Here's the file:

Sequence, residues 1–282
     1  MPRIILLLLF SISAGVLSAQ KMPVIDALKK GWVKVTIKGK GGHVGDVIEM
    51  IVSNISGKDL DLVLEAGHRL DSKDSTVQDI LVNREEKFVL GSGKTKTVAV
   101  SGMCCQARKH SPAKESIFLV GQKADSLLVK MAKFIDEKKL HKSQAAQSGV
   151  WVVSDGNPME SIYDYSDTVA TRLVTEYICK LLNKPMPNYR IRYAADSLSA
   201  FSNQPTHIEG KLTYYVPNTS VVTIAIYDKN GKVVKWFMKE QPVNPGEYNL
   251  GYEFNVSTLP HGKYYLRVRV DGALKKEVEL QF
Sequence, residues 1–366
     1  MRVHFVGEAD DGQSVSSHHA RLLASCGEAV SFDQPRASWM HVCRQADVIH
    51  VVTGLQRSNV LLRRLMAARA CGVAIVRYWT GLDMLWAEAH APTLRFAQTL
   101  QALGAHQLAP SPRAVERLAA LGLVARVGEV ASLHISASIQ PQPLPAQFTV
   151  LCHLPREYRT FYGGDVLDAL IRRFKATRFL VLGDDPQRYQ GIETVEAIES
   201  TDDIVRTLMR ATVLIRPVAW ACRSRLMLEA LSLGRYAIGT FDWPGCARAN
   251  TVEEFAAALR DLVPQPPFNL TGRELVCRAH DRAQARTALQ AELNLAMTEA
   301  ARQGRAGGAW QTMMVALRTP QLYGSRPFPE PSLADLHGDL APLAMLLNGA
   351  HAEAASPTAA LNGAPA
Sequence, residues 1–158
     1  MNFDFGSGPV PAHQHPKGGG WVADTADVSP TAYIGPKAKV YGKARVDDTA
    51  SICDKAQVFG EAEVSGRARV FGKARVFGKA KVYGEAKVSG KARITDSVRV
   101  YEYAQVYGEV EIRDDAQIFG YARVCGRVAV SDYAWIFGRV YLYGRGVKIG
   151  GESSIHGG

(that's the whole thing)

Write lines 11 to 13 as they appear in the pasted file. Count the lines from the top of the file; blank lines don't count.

   101  QALGAHQLAP SPRAVERLAA LGLVARVGEV ASLHISASIQ PQPLPAQFTV
   151  LCHLPREYRT FYGGDVLDAL IRRFKATRFL VLGDDPQRYQ GIETVEAIES
   201  TDDIVRTLMR ATVLIRPVAW ACRSRLMLEA LSLGRYAIGT FDWPGCARAN